In the internet-heavy, networking-obsessed world of today, having a website is nearly non-optional. And by website, I don’t mean a Facebook profile page, an active Twitter feed, or a Tumblr with the best cat memes in the world. I mean a website. You know, those pesky places you go for information on the internet that usually work, but frustrate you when they don’t. Your website, filled with information about you, your services, previous work, and anything else that makes you look like a marginally successful human being.
But where to start creating this electronic version of you? Unless you’re a web guru (and if you are, you’re reading the wrong blog post), you’re probably going to want to go with one of the many available website creation sites. Here’s a list of the most commonly used, their pricing, and their main strengths (in no particular order):
Squarespace costs eight dollars per month if billed annually, or twelve dollars per month if billed monthly. It has a terrifyingly long list of features, including robust free templates (and even more impressive paid ones), access to some Adobe Typekit fonts without having an Adobe subscription, a fully-optimized ecommerce section, automatic mobile conversion, and SEO support.
Wix offers a basic plan for four dollars per month, but it displays Wix brand ads. However, upgrading to $9.75 per month removes the ads and gets you a free domain for the first year, which is a pretty sweet deal. Unique features include templates for everything from restaurants to portfolios to commerce, a remarkably robust WYSIWYG editor for layout and design, an app market, and built-in email marketing.
Like Wix, Weebly also offers a free version, and while it doesn’t feature ads, you won’t get a domain name of your own. A domain name kicks in at eight dollars per month, as do features such as the super easy-to-use drag and drop website builder, real-time website statistics, basic blogging and ecommerce options, and even SSL certificates (so your visitors can be sure your site is secure) and password protected pages.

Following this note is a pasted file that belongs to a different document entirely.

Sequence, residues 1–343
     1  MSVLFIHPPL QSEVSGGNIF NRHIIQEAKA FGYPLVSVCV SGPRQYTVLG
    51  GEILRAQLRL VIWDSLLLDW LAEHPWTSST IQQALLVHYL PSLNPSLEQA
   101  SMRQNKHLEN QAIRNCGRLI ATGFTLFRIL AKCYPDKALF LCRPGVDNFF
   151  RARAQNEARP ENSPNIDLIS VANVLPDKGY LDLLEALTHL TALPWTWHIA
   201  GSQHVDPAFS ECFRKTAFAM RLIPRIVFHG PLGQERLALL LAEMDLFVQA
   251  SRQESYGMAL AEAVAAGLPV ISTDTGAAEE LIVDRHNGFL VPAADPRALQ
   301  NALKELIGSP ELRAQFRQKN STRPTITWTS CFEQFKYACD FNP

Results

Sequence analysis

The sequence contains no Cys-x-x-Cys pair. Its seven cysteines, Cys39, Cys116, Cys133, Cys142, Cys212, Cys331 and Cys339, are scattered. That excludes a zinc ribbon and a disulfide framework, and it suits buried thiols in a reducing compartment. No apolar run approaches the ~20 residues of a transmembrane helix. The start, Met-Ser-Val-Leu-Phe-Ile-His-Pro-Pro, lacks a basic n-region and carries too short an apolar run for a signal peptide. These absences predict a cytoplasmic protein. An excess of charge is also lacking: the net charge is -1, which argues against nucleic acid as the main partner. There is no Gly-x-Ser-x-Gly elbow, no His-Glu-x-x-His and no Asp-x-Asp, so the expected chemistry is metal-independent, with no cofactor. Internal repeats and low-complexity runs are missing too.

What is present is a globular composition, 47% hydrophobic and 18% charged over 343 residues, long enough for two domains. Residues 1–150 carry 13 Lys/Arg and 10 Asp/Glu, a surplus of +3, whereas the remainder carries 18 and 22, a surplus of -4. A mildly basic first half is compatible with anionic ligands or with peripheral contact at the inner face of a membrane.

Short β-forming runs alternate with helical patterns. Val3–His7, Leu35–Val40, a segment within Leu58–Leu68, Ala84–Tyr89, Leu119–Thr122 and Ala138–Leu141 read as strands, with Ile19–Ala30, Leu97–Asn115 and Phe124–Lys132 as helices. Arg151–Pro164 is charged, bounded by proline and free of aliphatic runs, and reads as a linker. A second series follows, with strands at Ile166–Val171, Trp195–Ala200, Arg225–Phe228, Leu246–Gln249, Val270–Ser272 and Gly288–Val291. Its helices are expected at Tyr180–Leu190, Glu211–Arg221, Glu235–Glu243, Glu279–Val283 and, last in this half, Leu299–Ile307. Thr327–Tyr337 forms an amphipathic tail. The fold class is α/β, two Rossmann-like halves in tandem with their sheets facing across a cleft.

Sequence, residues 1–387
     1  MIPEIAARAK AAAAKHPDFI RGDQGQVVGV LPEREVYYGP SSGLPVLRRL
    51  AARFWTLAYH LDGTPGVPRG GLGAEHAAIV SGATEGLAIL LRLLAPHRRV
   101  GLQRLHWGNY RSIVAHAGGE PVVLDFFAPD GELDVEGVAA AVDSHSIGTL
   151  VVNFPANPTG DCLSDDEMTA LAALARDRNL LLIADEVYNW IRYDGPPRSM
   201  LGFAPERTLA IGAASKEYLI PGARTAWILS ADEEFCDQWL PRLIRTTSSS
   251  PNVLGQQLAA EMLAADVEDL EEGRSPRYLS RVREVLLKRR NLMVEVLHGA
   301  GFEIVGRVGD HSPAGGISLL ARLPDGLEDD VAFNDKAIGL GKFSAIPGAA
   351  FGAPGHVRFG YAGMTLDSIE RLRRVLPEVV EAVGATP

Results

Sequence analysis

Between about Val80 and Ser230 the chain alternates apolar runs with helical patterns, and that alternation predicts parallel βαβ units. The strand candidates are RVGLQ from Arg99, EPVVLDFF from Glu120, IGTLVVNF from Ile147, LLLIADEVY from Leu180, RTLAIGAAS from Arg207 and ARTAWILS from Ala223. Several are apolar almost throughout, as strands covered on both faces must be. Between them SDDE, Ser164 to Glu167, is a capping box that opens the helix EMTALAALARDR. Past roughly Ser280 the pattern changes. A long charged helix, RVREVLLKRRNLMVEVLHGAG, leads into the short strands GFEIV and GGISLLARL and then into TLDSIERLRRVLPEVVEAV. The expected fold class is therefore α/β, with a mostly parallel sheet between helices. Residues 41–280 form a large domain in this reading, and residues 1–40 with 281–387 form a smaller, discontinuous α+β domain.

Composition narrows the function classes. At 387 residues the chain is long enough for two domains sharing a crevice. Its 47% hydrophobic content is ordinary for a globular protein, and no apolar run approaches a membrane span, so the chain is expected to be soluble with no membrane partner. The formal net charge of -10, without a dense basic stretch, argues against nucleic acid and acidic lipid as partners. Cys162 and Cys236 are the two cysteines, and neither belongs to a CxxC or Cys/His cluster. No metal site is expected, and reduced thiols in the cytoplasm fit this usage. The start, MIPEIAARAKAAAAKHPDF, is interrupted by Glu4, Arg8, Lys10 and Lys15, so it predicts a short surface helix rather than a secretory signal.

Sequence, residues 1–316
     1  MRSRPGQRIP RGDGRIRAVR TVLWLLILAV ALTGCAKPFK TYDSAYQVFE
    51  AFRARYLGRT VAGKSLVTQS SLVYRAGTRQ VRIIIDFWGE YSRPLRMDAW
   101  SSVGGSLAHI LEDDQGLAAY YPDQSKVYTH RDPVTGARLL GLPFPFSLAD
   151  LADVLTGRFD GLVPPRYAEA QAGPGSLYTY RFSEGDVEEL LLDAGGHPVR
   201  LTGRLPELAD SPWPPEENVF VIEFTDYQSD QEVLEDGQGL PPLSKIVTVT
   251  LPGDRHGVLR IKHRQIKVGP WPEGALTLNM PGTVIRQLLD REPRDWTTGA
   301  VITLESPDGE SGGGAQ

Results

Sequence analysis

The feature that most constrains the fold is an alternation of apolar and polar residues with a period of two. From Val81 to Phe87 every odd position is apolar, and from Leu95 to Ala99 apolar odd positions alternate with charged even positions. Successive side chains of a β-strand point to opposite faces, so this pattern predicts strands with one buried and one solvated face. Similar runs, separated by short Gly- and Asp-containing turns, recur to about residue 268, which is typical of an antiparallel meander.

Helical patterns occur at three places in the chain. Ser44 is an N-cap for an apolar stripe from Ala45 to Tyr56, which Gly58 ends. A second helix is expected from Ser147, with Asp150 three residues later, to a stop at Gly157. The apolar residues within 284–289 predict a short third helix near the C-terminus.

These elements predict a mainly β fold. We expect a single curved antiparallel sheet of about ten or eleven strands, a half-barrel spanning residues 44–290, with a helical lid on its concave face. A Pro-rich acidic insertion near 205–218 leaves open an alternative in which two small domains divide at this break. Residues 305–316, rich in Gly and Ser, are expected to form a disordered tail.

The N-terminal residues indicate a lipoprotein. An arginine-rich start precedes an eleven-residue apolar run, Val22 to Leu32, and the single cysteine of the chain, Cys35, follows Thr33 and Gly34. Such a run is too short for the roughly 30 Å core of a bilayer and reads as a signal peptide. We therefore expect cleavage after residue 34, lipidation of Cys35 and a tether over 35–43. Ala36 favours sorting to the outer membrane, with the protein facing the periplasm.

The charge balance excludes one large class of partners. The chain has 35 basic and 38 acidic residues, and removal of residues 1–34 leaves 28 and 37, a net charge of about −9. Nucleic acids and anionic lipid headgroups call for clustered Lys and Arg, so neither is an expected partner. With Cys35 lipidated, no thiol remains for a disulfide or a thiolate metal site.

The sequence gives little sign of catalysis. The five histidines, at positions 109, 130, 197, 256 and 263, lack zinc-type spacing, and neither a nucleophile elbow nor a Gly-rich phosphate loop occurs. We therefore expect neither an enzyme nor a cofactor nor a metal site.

If you want to create a blog-based website, the first place you should look is WordPress. For a grand total of zero dollars(!) WordPress offers a basic website, which may feature ads. Upgrading to the ninety-nine-dollar-a-year option gets you thirteen gigabytes of server space, a custom domain name, search engine optimization, a robust plugin/modding community, and a built-in comment system. Most importantly, WordPress is licensed under the GPL, so you’re free to modify and distribute your site in any way you see fit. Plus, WordPress estimates that more than 24 percent of websites are powered by its coding, which is pretty neat.
Unlike the previous options, which are designed for creating a broad range of sites, Portfoliobox focuses on—you guessed it—portfolios. It’s seven dollars per month if billed annually, or nine dollars per month if billed monthly, and focuses on features designed to enhance portfolios. Advanced galleries, custom HTML and CSS, image control/options, and ecommerce/social media integration round out this platform.
Perhaps the most unique on this list, Coroflot combines a design-oriented portfolio website with a job board. It’s great for artists and designers who want to put themselves out there and get something quickly in return. It’s free, but because of that, it doesn’t necessarily have all the cool features that the other website builders offer. However, it does offer free unlimited storage (rare!), a personalized short link (not to be confused with a domain name), and statistic tracking. And a great job board.
This is by no means a complete list. There are dozens of other website design platforms out there. Maybe even hundreds. If you want to go totally rogue, you can try out Jekyll, which is totally free, but requires advanced coding knowledge. There’s also Webydo if you want to create a suite of sites. There’s a website designer that will satisfy your every need; you just need to go out and find it.